The Conservatives might have won decisively, but the future of the Union is still uncertainby Peter Riddell / May 8, 2015 / Leave a comment
The expected post-election uncertainty over the formation of the next government has not materialised. But it has been replaced by an even greater uncertainty over the future of the United Kingdom, both internally and externally. British politics for much, if not all, of the next five years looks likely to be dominated by constitutional issues—obviously, and most immediately by the position of Scotland; but also by decentralisation within England; membership of the European Union; and a British bill of rights.
Until now, these issues have tended to be viewed separately by leading politicians, but they are inter-connected. There are not really separate Scottish, Welsh, Northern Irish, English or European questions. Rather, there is an overriding UK question: about how we are governed and the relations between the component nations, and within European institutions.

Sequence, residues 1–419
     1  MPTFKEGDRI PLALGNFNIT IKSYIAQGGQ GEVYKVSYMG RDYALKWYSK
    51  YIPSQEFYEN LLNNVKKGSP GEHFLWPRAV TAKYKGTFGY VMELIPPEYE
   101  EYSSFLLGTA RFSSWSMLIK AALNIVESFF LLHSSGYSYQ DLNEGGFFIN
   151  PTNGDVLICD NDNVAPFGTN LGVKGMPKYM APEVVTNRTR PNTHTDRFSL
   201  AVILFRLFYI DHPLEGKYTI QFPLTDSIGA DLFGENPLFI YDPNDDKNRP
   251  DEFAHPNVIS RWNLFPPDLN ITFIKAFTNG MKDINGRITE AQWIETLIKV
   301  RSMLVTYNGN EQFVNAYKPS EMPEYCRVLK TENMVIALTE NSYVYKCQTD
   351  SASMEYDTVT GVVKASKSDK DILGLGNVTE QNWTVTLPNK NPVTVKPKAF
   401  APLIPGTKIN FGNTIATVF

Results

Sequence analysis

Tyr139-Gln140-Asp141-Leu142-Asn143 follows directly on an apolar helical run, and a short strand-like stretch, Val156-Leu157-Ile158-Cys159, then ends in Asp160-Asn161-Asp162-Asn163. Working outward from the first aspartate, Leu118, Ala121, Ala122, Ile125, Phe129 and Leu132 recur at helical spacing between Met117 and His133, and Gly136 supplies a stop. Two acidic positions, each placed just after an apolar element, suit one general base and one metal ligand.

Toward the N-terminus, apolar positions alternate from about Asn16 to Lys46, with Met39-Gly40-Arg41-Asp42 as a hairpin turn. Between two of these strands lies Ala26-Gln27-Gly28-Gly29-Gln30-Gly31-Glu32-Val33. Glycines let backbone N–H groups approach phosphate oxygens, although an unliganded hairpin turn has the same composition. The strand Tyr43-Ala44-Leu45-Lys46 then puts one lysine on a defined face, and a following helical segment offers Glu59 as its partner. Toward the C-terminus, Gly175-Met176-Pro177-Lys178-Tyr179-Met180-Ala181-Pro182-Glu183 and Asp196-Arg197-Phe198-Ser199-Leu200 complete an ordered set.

The most pressing component is clearly Scotland following the SNP’s rout of Labour and the Liberal Democrats, comparable to the triumph of Sinn Fein in the 1918 general election in what is now the Irish Republic. Even though the 56 SNP MPs do not have the leverage in the House of Commons they would have had if there had been a hung parliament, they are a force which cannot be ignored. So in contrast to the anti-SNP fear stories of the campaign, David Cameron has to develop an approach which keeps Scotland in the Union. As he returned to Downing Street, he talked about a policy of respect and pledged to take forward as soon as possible the existing draft bill on devolution of further tax powers which emerged from the post-referendum Smith Commission. The SNP government is pressing for more, for full fiscal autonomy—even though that might be onerous in practice for Scottish taxpayers. A key early test will be whether the draft bill is strengthened. Mr Cameron has also promised to press ahead with the proposals for further Welsh devolution contained in the St David’s Day agreement and further specifically Northern Irish initiatives.